Don’t Miss Your Chance to Contribute to this Crochet Art Project!
What is the role of art in our lives today? What is the intersection between art and craft? Architect Jin Choi’s work provokes so many fascinating questions, but what there’s no doubt about is the enormous appeal of her public crochet art.
Jin is now working on her 3rd in a series of crochet-based, large-scale installations. Called the “Flying Mosque,” it will hang in the city of Sharjah, the 3rd-largest city in the United Arab Emirates, beginning this December, as part of the Sharjah Islamic Arts Festival.
Jin’s 1st in this remarkable series of crochet art light installations was a project called “The Lace,” a giant Dutch lace bonnet made of polyester cord that hung over the canals of Amsterdam during the city’s 2016 Amsterdam Lights Festival. It was followed by “Urchins,” also constructed with polyester cord, and was featured at the i Light Marina Bay Festival in Singapore in 2017. Viewers were swept away by both crochet art works with the ethereal beauty of glowing forms that appear to float in the air, framing the night skies in lace filigree and allowing people to move and experience these open forms from within and without.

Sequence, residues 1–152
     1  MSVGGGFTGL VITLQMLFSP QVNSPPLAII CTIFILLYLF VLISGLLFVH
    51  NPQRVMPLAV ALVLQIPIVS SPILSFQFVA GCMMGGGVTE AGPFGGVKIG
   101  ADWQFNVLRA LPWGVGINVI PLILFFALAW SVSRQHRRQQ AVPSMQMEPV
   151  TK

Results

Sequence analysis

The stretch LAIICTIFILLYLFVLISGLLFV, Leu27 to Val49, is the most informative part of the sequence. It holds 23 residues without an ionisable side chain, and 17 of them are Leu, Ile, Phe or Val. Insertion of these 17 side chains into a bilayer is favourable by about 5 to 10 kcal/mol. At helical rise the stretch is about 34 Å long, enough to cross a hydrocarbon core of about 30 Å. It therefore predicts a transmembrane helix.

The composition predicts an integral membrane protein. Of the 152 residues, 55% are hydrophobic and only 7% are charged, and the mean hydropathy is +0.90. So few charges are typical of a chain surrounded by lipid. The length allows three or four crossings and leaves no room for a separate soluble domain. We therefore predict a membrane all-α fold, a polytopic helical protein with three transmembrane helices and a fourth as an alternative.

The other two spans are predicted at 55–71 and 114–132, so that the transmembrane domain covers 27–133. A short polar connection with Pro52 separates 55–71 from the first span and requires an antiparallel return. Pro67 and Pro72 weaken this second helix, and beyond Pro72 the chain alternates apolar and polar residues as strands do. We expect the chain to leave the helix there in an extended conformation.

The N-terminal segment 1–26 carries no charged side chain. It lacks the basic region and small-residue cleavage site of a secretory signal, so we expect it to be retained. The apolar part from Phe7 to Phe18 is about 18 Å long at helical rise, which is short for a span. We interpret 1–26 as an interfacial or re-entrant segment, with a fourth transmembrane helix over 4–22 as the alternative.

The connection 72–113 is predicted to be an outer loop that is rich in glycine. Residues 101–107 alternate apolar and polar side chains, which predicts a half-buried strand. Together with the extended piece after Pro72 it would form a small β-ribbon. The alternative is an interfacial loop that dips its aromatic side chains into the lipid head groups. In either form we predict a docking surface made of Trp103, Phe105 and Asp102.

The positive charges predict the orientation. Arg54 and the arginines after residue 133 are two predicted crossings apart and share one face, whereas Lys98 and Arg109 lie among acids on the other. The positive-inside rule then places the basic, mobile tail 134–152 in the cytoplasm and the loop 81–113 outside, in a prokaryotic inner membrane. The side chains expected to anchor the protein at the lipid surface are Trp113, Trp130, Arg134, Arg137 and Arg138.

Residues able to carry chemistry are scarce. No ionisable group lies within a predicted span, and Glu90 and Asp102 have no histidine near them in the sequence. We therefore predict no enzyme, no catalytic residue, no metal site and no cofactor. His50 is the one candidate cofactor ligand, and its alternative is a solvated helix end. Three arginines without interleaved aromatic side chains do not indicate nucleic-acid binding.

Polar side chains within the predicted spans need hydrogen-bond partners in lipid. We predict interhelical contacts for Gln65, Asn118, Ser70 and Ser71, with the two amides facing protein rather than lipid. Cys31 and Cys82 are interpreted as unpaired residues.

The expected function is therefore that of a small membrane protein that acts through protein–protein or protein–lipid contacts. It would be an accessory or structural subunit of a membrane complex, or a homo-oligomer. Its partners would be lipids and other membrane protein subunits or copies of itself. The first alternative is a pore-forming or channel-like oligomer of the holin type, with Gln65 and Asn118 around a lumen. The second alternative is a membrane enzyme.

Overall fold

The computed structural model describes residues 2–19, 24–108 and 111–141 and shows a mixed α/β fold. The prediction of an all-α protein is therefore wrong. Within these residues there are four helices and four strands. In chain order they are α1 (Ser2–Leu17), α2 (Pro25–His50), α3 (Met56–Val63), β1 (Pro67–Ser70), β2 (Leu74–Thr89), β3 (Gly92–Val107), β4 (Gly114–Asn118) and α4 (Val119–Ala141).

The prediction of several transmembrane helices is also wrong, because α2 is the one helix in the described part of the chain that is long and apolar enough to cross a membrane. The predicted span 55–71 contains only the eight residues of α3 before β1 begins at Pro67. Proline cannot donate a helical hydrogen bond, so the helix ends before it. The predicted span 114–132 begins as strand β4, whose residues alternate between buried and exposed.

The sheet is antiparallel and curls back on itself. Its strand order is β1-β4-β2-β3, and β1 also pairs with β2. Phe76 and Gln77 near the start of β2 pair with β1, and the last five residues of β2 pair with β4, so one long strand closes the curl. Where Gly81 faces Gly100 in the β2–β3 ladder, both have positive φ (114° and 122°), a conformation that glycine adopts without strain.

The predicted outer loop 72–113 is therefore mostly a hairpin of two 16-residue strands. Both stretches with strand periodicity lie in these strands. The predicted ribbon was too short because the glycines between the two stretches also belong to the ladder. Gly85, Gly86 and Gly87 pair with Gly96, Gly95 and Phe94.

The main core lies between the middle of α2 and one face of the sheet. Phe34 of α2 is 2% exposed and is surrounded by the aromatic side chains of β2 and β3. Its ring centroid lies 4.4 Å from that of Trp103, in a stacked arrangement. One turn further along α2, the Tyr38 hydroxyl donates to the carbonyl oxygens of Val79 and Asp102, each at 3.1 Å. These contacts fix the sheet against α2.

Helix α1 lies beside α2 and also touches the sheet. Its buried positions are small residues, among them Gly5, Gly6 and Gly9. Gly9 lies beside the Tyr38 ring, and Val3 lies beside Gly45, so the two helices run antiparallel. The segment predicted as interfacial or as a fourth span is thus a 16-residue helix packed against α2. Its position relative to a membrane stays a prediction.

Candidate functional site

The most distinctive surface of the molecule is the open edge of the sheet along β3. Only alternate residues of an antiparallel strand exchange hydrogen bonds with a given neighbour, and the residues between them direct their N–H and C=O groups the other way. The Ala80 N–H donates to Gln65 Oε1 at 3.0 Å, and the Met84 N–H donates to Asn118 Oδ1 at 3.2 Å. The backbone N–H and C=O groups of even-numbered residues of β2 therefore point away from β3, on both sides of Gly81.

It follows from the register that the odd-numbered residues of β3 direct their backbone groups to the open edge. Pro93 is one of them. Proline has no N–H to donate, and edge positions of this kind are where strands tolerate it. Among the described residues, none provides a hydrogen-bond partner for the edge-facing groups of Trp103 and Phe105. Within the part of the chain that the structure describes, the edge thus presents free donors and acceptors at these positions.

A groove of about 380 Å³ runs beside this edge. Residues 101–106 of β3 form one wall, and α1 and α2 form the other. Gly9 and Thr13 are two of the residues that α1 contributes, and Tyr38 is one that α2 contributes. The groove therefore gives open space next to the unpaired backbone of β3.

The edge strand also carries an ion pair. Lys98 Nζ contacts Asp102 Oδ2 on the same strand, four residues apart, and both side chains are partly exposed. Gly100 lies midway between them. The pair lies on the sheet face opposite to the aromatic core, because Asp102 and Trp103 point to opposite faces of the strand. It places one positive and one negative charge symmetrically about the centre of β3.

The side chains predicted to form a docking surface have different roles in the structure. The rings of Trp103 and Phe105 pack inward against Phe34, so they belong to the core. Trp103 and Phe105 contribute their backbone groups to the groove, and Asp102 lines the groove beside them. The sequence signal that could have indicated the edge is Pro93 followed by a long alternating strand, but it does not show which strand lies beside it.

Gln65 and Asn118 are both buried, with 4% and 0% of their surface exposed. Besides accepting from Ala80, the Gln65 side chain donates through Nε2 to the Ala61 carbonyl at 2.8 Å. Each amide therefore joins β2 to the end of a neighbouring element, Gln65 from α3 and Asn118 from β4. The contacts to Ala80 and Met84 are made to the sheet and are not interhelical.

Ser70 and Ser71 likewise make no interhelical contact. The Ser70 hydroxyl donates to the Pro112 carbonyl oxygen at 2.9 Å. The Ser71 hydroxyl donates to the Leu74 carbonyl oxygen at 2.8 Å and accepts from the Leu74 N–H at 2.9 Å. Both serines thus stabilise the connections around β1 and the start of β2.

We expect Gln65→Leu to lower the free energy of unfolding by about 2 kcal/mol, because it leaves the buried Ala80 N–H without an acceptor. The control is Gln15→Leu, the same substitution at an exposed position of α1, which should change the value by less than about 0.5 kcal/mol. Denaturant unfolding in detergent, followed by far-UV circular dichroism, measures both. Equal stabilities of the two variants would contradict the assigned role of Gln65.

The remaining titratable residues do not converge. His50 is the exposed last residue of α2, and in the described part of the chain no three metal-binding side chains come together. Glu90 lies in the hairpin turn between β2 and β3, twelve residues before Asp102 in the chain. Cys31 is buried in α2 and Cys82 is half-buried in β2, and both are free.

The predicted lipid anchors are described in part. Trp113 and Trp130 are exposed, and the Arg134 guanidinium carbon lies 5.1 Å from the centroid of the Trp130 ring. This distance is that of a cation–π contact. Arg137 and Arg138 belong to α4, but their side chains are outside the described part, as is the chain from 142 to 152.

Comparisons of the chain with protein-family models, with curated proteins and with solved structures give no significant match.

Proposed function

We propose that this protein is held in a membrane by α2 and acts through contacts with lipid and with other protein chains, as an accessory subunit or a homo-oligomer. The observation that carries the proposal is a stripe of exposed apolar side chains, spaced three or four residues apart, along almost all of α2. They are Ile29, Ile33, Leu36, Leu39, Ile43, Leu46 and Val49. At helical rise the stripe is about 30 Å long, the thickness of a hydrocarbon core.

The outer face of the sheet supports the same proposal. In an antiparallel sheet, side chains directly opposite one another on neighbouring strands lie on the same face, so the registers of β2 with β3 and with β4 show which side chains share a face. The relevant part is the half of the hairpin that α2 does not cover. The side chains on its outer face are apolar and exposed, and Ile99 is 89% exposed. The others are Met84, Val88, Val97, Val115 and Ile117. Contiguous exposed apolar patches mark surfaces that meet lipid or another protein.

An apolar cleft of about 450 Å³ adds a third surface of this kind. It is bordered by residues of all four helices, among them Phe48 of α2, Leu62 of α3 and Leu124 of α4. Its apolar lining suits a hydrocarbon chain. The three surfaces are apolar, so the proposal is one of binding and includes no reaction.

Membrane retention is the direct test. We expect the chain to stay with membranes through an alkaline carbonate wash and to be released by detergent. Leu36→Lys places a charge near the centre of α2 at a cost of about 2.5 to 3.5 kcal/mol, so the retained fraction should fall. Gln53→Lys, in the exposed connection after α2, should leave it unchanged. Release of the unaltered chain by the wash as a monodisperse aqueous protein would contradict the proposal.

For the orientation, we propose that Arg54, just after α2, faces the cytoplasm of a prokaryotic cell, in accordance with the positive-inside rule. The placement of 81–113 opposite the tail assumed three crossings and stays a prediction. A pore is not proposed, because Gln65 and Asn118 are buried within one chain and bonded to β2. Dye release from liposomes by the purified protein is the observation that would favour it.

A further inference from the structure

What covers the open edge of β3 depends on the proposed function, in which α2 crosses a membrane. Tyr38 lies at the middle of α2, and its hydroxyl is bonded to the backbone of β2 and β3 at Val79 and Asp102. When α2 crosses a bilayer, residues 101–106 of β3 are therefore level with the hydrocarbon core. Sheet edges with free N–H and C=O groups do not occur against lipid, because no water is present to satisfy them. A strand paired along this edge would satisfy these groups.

“The Flying Mosque” uses similar materials, and the conception is even more striking. The work is composed of separate elements, each of which are primal forms of great antiquity such as globes, spires, and arches. The elements are crocheted with polyester cord and hung with a supportive framework of cables. As Choi+Shine’s website explains:
“The collection of forms appear floating, undisturbed by each other, allowing visitors to meander between and through each form, occupy the volumes and touch their surfaces, exploring and interacting with the detailed hand work. When a viewer aligns with the central axial arrangement of these forms, the collective composition transforms, becoming legible as a unified whole, a floating mosque.”
The image of the flying mosque will only become apparent once the viewer is aligned in a particular relationship with the discreet forms composing it, rather like having a puzzle in many pieces suddenly cohere. It promises to be a magical experience. Chosen to support the festival’s theme of “impact,” it is certain to make a strong impression.
A unique feature of all these pieces is the involvement of a large group of crocheters to help make them. Jin is now seeking volunteer crocheters who can jump in and help her in the current massive endeavor. Participants must be in the United States and be available to complete several hours of crochet working with polyester cord. Materials and patterns will be supplied. There is no compensation for the work, but all participants will be credited.
If you’d like to get involved, write to Sarah Kim at Skim@choishine.com.
Keep Crochet in Your Life at All Times…